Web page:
The Legalities of Feeding Expired Parking Meters in Phoenix – According to the Police

Parking Meter by Lauri Väin from Flickr (Creative Commons License)

Parking Meter by Lauri Väin from Flickr (Creative Commons License)

Starting on August 1st, Phoenix is changing to variable prices at its parking meters. Depending on when and where you park, the rate could range from $0.50 to $4.00/hour. This is a big change from the $1.50/hour rate that used to be at every meter. The other big change is enforcement times will be every day from 8 a.m. until 10 p.m. – no more free nights and weekends.

The Phoenix City Council said they’re making this change in part because of the city’s $37.7 million deficit and that these new rates will bring in $800,000 for the city. I wonder how much of this expected amount is based on people paying to park versus getting tickets for expired meters.

Some people are upset by the increase – like students at the ASU downtown campus and people who work downtown. I’ve seen people on social media say that the increase will decrease the likelihood of them coming downtown, or if they do, that they’ll take the light rail ($4 for an all-day pass is probably cheaper than paying $4/hour to park). On the other hand, the increase has given me a chance to a flash mob I’ve been thinking of for years.

My partners-in-crime and I all have day jobs so our shenanigans are mostly restricted to the weekend. I had an idea years ago about being parking meter fairies – dressing up in tutus, wings, and the like and feeding people’s expired meters. Now that people will have to pay to park on the weekends, we’ll finally have a chance to pull this off if we want.

I contacted the City of Phoenix Police Department and asked them about the legalities of feeding other people’s expired parking meters and here’s what they said:

“I am not aware of any City ordinance that precludes you from putting money into someone else parking meter here in Phoenix. I know there are jurisdictions that prohibit that activity. The only concern I have is if a person were to put money in a meter after a vehicle was cited or somehow interfered with a parking enforcement officer that could be a violation of the law.”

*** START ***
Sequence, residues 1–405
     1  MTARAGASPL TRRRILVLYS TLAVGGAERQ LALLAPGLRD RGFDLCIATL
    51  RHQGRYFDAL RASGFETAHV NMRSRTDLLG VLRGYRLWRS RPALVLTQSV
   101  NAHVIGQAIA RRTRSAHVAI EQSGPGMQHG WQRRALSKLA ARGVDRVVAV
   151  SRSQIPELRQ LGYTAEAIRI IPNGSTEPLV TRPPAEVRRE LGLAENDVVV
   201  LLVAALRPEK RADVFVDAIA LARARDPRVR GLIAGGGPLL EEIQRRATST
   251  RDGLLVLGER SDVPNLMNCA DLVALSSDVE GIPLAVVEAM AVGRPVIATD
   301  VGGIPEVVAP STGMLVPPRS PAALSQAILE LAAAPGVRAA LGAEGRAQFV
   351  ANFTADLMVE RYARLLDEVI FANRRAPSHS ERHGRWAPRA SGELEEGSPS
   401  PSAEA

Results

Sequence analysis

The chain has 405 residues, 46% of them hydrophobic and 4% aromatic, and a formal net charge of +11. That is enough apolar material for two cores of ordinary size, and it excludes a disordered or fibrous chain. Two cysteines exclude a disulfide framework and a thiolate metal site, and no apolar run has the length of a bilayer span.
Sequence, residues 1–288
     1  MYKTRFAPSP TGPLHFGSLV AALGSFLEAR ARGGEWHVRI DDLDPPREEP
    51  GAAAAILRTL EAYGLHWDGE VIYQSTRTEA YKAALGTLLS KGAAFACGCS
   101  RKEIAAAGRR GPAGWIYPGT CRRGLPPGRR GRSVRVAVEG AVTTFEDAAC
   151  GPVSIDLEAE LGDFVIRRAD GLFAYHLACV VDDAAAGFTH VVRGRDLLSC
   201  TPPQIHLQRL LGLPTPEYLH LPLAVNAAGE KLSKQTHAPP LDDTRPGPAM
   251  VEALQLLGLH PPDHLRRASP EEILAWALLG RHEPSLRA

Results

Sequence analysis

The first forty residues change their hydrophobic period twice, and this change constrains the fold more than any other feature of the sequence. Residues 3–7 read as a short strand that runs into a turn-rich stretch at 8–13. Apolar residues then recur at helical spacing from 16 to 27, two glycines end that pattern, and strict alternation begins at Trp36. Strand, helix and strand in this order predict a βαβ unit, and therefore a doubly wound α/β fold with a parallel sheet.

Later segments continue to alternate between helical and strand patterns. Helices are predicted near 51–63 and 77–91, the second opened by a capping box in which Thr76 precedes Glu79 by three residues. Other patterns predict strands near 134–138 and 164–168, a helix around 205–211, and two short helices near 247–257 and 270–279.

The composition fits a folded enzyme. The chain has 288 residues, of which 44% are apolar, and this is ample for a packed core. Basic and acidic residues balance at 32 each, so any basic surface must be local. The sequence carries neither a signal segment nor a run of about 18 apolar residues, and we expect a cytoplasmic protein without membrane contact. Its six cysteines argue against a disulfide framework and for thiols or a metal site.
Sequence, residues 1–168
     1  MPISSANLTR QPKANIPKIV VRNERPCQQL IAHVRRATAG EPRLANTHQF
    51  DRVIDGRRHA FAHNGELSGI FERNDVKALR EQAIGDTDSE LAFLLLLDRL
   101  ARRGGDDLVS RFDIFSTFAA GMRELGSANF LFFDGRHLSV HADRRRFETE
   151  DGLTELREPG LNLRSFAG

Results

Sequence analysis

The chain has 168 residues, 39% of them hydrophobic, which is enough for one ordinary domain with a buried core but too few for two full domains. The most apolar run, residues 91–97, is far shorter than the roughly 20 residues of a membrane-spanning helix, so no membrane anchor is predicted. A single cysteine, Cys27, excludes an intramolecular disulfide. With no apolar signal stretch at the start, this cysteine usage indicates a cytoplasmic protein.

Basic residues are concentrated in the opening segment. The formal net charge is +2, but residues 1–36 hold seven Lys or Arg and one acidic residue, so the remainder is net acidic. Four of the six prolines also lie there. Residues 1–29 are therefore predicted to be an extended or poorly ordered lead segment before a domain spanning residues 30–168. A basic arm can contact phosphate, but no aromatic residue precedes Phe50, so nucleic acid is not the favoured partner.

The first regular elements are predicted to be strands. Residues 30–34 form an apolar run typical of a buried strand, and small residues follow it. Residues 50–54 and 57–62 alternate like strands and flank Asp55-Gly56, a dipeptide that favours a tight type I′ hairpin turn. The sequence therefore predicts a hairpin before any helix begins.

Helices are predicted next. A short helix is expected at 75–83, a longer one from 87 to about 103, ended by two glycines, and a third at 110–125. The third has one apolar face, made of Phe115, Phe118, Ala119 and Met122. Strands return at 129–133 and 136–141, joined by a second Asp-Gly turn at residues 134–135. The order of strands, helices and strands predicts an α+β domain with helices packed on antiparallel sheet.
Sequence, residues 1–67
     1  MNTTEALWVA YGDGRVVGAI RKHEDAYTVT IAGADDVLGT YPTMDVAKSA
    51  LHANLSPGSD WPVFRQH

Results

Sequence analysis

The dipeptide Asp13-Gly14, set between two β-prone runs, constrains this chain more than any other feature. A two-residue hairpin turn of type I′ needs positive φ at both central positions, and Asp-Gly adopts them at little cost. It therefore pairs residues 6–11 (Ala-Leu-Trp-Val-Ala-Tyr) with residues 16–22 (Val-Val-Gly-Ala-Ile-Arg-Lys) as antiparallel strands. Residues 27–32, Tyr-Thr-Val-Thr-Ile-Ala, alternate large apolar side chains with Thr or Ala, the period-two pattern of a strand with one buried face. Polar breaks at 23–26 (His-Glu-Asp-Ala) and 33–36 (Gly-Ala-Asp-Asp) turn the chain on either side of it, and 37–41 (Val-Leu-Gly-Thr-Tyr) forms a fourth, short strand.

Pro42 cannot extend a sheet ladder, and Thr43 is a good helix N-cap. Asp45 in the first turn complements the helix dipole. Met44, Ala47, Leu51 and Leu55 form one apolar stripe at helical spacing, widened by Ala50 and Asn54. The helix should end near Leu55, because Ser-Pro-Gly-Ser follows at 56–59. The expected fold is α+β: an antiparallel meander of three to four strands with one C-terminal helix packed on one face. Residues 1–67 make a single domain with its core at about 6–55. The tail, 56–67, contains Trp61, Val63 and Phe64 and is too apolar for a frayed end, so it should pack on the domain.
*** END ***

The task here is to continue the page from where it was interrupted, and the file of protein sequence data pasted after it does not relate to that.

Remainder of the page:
I interpret this to mean that it’s OK to feed an expired meter (while wearing a tutu and glitter) as long as the vehicle doesn’t already have a ticket on it. (I know it’s illegal to do this in other cities, so do your research before you try to pull off a similar stunt.)

Flash Mob Law bookBesides my flash mob idea, I wonder if downtown businesses will feed their patrons’ parking meters in front of their establishments or if someone will create a sponsored crew of meter feeders like the Surfers Paradise Meter Maids in Australia.

As always, if you want to do a flash mob, do you research in advance to ensure that you don’t set yourself up to get sued or arrested because of your event. If you need a resource, check out my book Flash Mob Law or contact me on TwitterFacebookYouTubeLinkedIn, or you can email me. You can also subscribe to the Carter Law Firm monthly newsletter.
Please visit my homepage for more information about Carter Law Firm.

Is That Legal: The Mannequin Mob

Mannequin Mob Group Photo by Arin Sang-urai, used with permission

Mannequin Mob Group Photo by Arin Sang-urai, used with permission

Recently Improv Everywhere organized a group of 40 agents who donned white MorphsuitsTM to do a prank where they posed as mannequins in the Gap. They all wore Gap-style clothing over their Morphsuits and walked in the store with their masks off. At the designated time the group simultaneously put on their masks and froze in place like the mannequins in the store which are also all white.

Some of the employees seemed to think it was funny but one concerned employee called 911. The police showed up and put many of the performers in handcuffs. Charlie Todd, the founder of Improv Everywhere, explained the situation and everyone was released without incident.  It was pretty funny overall – even the police were laughing by the end.

Let’s look at the legal questions behind this prank.

Is It Legal to Enter a Store to do a Prank?
That’s an interesting question. Stores are open to the public, even for people who are just browsing and have no intention of buying anything.  So it’s legal to enter a store during business hours for reasons other than making a purchase. If you’re not interfering with the store’s operations or others’ ability to shop, you are less likely to have any problems.

This is not the first prank that involved messing with store employees. Improv AZ definitely raised some eyebrows when we did the Apple Store Flash Mob and Improv Everywhere had to deal with the police during their Best Buy Prank.

Did the Group Commit Trespassing?
Probably not. You’re usually not trespassing in a store where the public is welcome to be until you refuse to obey a request that you leave.  From what I heard, the group was told to leave the store immediately and peacefully if requested to do so, but the employee called 911 instead.

Charlie Todd in Handcuffs by Arin Sang-urai, used with permission